Java3 Top Java Debugging Tools for 2023

3 Top Java Debugging Tools for 2023

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Java debugging tools come equipped with many features to help developers detect and resolve issues quickly. Pick the right Java debugging tool with capabilities for variable inspection, remote debugging, breakpoints, and more, and you can enjoy increased productivity and higher-quality code. This guide will break down the following top Java debugging tools in terms of their features, pros, cons, and pricing to aid you in your search:

  • IntelliJ IDEA: Ideal for developers needing a Java debugging tool with multiple robust features from a popular Java integrated development environment (IDE).
  • NetBeans: A great choice for budget-minded developers of all levels looking to debug Java code from a user-friendly open-source IDE.
  • Eclipse: A solid pick for developers seeking a well-rounded debugging tool from an open-source Java IDE.

IntelliJ IDEA

Java IntelliJ IDEA

Best for developers needing a Java debugging tool with multiple robust features from a popular Java integrated development environment (IDE).

Overall Rating: 4.5 out of 5

  • Pricing: 4.75 out of 5
  • Core Features: 5 out of 5
  • Customer Support: 3.7 out of 5
  • Ease of Use: 4 out of 5
  • Performance: 4.25 out of 5
  • User Reviews: 5 out of 5

IntelliJ IDEA is a widely used Java IDE from JetBrains that is highly extensible and offers a robust and user-friendly debugging experience to help developers increase productivity and code quality.

Features of IntelliJ IDEA

IntelliJ IDEA’s Java debugging features include:

  • Breakpoints
  • Code stepping
  • Evaluate expressions
  • Variable inspection
  • Watches
  • HotSwap
  • Remote debugging
  • Integrations

IntelliJ IDEA prides itself on offering a streamlined Java debugging experience. Developers can set breakpoints, run the debugger, and view results in a dedicated window. They can then step along code, evaluate expressions, inspect variables, add watches, and more.

The HotSwap feature lets you make code changes while debugging to save time versus having to restart the application. There is also remote debugging for applications running on virtual machines or remote servers, plus integrations with Dockers, Kubernetes, profilers, popular testing frameworks, etc.

Pros of IntelliJ IDEA

IntelliJ IDEA’s Java debugging strengths include:

  • User-friendly debugging
  • Powerful debugger
  • Extensibility
  • Full IDE features

IntelliJ IDEA makes debugging as straightforward as possible while packing a robust set of features that include breakpoints, code stepping, variable inspection, watches, etc. You can easily extend IntelliJ IDEA’s already impressive capabilities with a wide range of plugins and extensions, and you also get access to everything IntelliJ IDEA offers as a full-fledged IDE for a more unified development environment.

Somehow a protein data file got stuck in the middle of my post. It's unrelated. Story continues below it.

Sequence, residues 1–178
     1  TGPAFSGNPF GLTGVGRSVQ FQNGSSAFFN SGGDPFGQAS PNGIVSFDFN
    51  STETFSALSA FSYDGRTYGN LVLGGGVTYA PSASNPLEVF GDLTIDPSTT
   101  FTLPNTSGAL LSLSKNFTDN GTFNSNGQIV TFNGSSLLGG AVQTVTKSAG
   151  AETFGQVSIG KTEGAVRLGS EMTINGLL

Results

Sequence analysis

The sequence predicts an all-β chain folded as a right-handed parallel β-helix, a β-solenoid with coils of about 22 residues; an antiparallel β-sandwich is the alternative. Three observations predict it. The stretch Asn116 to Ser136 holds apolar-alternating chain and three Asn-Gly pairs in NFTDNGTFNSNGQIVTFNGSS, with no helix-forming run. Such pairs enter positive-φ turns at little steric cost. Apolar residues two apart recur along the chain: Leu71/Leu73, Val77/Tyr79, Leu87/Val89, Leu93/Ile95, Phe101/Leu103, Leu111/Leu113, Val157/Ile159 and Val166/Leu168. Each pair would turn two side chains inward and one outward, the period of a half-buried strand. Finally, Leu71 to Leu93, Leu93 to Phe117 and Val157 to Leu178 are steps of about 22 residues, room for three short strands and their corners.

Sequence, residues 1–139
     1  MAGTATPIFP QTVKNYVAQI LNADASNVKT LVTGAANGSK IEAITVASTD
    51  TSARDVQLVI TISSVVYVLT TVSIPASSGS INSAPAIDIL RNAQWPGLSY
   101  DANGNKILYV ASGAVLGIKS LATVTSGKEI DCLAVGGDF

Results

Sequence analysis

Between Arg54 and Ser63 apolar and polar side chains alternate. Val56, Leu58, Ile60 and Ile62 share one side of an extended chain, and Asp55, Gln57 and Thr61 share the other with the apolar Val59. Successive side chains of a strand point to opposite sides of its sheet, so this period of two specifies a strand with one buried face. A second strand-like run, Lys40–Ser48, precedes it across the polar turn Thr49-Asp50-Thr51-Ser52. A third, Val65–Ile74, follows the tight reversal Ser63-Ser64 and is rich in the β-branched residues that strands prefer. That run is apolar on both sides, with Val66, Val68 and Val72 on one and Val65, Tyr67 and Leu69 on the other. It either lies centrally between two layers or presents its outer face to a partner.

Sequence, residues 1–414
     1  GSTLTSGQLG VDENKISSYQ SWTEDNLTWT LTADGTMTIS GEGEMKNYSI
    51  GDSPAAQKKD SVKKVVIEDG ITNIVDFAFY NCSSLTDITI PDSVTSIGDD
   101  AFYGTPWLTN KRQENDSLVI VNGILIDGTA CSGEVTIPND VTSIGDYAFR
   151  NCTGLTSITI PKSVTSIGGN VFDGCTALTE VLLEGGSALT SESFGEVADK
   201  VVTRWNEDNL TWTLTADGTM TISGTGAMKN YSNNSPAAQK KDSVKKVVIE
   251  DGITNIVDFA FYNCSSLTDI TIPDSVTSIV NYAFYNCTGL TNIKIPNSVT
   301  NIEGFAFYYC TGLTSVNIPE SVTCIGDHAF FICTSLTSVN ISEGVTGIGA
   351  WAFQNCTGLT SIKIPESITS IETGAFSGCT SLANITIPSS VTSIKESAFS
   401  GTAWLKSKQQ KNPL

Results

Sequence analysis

Cons of IntelliJ IDEA

IntelliJ IDEA’s debugging weaknesses include:

  • Large installation
  • Overall complexity
  • Cost
  • Heavy resource usage

While IntelliJ IDEA is a powerful IDE, some developers simply seeking debugging capabilities may see it as overkill, especially due to its large installation requirements. And while IntelliJ IDEA’s debugging is straightforward and to the point, figuring out its other features can take some time for beginners.

Unlike other IDEs that offer Java debugging, IntelliJ IDEA is a commercial product that charges a premium. Yes, there is a Community Edition, but it may not have enough features to suit your needs. Lastly, IntelliJ IDEA can slow performance and become sluggish when debugging due to its heavy resource usage.

Pricing of IntelliJ IDEA

IntelliJ IDEA offers separate pricing plans for individuals and organizations. There is a free, open-source Community Edition that offers the basics, plus a 90-day free trial for teams and special discounts for startups, students, etc.

IntelliJ IDEA’s individual plans are as follows:

  • IntelliJ IDEA Ultimate: $169 for the first year. $135 and $101 for the second and third years, respectively.
  • All Products Pack: $289 for the first year. $231 and $173 for the second and third years, respectively.

IntelliJ IDEA Ultimate gives individuals all the features of the popular Java and Kotlin IDE. The All Products Pack includes IntelliJ IDEA and 15 other tools, such as PyCharm and ReSharper, for one price.

IntelliJ IDEA’s plans for organizations include:

  • IntelliJ IDEA Ultimate: $599 for the first year. $479 and $359 for the second and third years, respectively.
  • All Products Pack: $779 for the first year. $623 and $467 for the second and third years, respectively.

As with the individual plans, Ultimate unlocks access to just the Java IDE, while All Products Pack includes 15 other developer tools.